Signals of discomfort are often subtle

When Grace wants to go on a walk, you know it. She’s exuberant, enthusiastically jumping up and down, energetically tugging at the socks in your hands, which actually delays the walk because it takes so long to get your shoes on! But here she is, mellow and detached, hanging out in her bed, eyes averted, as to avoid any chance I’d ask her to move. The signals we give off always feel more obvious to the one giving them than to those receiving them.

The walks are off. Grace won’t walk down the street again.

Last week she agreed to go four straight days. On Thursday, I could tell the walk had become a chore. She was trying to do what she thought she should do, but I could tell that it’s wasn’t fun for her. In fact, she was nervous, reluctant about every step she took and couldn’t wait to get back home. On Friday, I attempted to get her out, but when she turned into the yard to signal me, I listened. She did not want to go and I saw nothing good coming out of forcing her.

Have you ever been in the position of doing something that you did not want to do? What signs or signals did you try to give to others about your discomfort?

As a manager, try to think about signals that your direct reports have tried to give you about their discomfort in a task. Did you pick up on it? Are you alert for those signs and signals?

I have recently been working with a management team of three capable, talented individuals. Two are co-owners of a business and the third is the executive in charge of day-to-day operations. The co-owners have similar leadership styles, bringing their assertive, fast-charging, directive approach to every situation. The executive leading the staff of about 20 people leads with a consensus-building style, allowing the managers more autonomy and less direct oversight.

It’s fair to say that in some situations, these styles clash head-on. The co-owners hear of a situation and make a decision based on their vast expertise in the field, knowledge of the group, and their desires. They “lay down the law” and insist that the executive take a particular stance on an issue. The forceful way in which the message is delivered leaves the executive feeling there are no options, but in fact, the co-owners do want to hear if there are other factors they have not considered. Rather than speak up, he tries to move it forward out of respect for the co-owners wishes. The staff can see and feel the confusion and it leaves doubt in their minds about what to do.

We’ve been working through this as a team; it will require everyone to make adjustments. The co-owners will need to watch for signs that something is uncomfortable for the executive, and open up the conversation. In cases where the executive brings his own ideas and thoughts to the topic, one of two things has happened: either the decision is altered and improved based on his input or he gains an understanding of why the decision is made and agrees to it. Both leave him in a better position to move forward.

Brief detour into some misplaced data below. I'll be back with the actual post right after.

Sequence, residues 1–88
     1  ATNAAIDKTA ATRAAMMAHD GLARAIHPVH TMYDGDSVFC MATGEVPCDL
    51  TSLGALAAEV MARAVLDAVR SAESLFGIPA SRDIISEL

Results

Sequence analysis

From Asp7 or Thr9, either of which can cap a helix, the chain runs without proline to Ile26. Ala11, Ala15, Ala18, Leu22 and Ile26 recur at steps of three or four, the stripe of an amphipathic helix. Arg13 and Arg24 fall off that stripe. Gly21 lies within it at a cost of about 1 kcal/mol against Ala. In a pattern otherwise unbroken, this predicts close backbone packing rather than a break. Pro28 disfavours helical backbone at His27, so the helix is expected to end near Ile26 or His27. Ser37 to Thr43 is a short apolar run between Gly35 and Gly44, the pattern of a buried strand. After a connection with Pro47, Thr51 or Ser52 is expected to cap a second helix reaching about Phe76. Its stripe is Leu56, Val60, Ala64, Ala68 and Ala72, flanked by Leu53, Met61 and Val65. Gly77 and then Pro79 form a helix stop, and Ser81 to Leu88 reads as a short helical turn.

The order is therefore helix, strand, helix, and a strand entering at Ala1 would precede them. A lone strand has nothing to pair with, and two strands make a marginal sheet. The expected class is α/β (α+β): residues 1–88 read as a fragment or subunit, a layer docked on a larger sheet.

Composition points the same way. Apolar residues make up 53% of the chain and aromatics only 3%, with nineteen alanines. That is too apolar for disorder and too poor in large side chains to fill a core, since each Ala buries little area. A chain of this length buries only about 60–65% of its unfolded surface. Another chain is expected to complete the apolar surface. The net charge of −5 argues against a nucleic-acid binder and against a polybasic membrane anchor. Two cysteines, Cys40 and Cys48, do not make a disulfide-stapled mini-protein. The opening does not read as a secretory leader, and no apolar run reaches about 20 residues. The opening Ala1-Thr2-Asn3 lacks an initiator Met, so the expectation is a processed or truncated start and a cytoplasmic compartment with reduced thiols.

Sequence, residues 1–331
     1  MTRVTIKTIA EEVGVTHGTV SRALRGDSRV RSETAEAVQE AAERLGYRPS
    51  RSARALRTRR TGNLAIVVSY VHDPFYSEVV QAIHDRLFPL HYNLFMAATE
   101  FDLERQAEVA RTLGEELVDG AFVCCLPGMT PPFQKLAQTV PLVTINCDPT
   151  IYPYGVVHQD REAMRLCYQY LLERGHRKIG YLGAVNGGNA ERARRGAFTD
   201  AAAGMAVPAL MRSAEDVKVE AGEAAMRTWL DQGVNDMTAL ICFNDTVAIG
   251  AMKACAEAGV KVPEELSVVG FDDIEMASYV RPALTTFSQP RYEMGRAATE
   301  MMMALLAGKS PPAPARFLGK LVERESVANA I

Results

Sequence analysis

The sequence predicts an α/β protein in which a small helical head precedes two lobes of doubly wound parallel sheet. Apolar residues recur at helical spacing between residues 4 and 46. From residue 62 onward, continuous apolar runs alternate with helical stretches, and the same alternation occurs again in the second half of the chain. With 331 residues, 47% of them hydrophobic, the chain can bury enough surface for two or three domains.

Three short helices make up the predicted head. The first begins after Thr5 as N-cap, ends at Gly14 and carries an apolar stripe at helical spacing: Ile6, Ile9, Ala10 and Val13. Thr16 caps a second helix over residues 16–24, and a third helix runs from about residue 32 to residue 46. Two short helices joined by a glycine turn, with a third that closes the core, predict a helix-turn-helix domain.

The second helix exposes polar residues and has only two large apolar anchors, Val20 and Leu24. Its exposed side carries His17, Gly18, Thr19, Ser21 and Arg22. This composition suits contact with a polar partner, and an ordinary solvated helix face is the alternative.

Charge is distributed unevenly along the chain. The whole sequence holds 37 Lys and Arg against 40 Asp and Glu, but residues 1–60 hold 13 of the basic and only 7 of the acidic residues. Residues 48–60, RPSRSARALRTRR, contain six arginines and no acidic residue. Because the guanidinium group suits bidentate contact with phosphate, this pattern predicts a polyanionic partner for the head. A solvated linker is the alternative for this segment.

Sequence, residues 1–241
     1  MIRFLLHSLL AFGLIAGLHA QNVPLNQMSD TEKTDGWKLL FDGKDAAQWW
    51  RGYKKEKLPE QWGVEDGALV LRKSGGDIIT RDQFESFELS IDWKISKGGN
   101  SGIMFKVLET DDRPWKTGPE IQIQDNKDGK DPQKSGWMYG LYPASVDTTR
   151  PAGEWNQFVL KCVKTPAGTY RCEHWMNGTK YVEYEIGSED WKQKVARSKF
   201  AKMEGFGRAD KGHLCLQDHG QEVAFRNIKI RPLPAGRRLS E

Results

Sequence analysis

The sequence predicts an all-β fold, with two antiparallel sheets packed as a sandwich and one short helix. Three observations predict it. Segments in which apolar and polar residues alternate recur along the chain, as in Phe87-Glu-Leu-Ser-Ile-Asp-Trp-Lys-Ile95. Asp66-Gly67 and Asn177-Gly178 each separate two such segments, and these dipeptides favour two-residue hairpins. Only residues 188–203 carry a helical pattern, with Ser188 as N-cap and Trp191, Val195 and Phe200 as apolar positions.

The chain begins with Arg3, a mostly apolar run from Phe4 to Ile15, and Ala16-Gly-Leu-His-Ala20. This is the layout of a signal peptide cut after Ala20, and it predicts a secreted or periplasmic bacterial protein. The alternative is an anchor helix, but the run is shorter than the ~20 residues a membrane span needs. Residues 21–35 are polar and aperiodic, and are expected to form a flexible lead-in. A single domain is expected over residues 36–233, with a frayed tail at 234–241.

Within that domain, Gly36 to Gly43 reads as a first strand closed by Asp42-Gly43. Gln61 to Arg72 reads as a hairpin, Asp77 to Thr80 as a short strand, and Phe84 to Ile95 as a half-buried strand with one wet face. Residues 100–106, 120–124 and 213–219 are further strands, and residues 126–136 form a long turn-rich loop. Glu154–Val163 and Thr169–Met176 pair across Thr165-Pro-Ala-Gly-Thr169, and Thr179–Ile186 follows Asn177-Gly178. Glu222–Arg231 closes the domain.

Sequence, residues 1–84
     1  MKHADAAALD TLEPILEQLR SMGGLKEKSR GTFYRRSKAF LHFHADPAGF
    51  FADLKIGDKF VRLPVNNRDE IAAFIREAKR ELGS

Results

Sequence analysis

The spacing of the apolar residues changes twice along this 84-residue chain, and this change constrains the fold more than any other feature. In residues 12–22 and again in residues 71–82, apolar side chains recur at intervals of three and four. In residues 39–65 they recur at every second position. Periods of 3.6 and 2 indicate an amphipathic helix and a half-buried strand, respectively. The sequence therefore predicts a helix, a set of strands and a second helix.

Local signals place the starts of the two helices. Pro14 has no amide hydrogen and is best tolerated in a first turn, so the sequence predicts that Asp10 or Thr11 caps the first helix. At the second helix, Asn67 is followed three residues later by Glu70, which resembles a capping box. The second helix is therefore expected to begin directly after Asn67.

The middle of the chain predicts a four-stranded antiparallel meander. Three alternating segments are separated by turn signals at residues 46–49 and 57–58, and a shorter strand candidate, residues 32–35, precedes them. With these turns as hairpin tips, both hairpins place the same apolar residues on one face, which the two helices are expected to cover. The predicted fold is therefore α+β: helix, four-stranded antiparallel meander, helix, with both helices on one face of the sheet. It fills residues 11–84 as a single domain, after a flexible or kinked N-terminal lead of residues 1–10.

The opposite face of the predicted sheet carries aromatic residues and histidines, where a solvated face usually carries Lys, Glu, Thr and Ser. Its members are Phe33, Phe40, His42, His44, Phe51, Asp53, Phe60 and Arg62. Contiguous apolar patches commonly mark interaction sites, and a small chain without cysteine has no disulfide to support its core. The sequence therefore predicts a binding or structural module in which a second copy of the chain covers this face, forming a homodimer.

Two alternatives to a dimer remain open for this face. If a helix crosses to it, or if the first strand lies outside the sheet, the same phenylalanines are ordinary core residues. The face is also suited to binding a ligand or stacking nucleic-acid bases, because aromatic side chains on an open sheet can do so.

This executive also needs to be clear in delivering his “signals” of discomfort. I wish Grace could talk to me and tell me explicitly that she doesn’t (or does) want to go on a walk. But she can’t and I forced to be observant of other signs she gives me. With people, we have the advantage of telling someone what we’re thinking, but as we can all attest, just because we can doesn’t mean we will. It’s difficult to broach conflict, especially when you are working with someone who has a completely different approach. You may be the type of person who faces any situation head-on and can’t imagine why someone won’t speak up, so you’re less likely to see subtle signs (you’re just expecting the other person to speak). Or perhaps you are the person hesitant to speak up and feel you should do what you’re told. In either case, if the two parties aren’t on the same page, it will create organizational turmoil.

One of the most common signs of discomfort is inaction. When a task isn’t moving forward, a manager will often jump to the conclusion that the person is apathetic or has poor time management skills. It may be neither. It may be because they don’t feel right about the task.

Can you think of other signs? What did they look like? Did you address them?

When managing, be mindful of the signs you see from those around you. Let them guide you to a conversation to find out more about what they mean. It’s a walk worth taking.

 

 

Enjoying the blog?

Share with a friend using one of the buttons below. Then sign up so you can receive stories, tips, and guidance to help you develop healthy workplace relationships in your organization!





2 comments

  1. zenmaiden says:

    ….”can’t imagine why someone won’t speak up, so you’re less likely to see subtle signs (you’re just expecting the other person to speak).” Thats me for sure. The impression I get with another party who says nothing is that they agree. No boss wants to make a person uncomfortable, but it CAN be hard to tell, when a subordinant is eager to please and not forthright with opinions even though they are encouraged and welcomed. Finding ways to meet in the middle is an ongoing challenge. The first part is to recognize that the challenge exists.

    • Robin says:

      Great point, Sara. It is true that managers will often expect that if someone disagrees, that they won’t say anything. I often hear from managers who feel that adults should feel comfortable speaking up, that they don’t want to feel like they are baby-sitting the other person. But it’s not always that simple, is it? Thanks for sharing your input — it’s helpful to identify the challenges, as you said!

Leave a Reply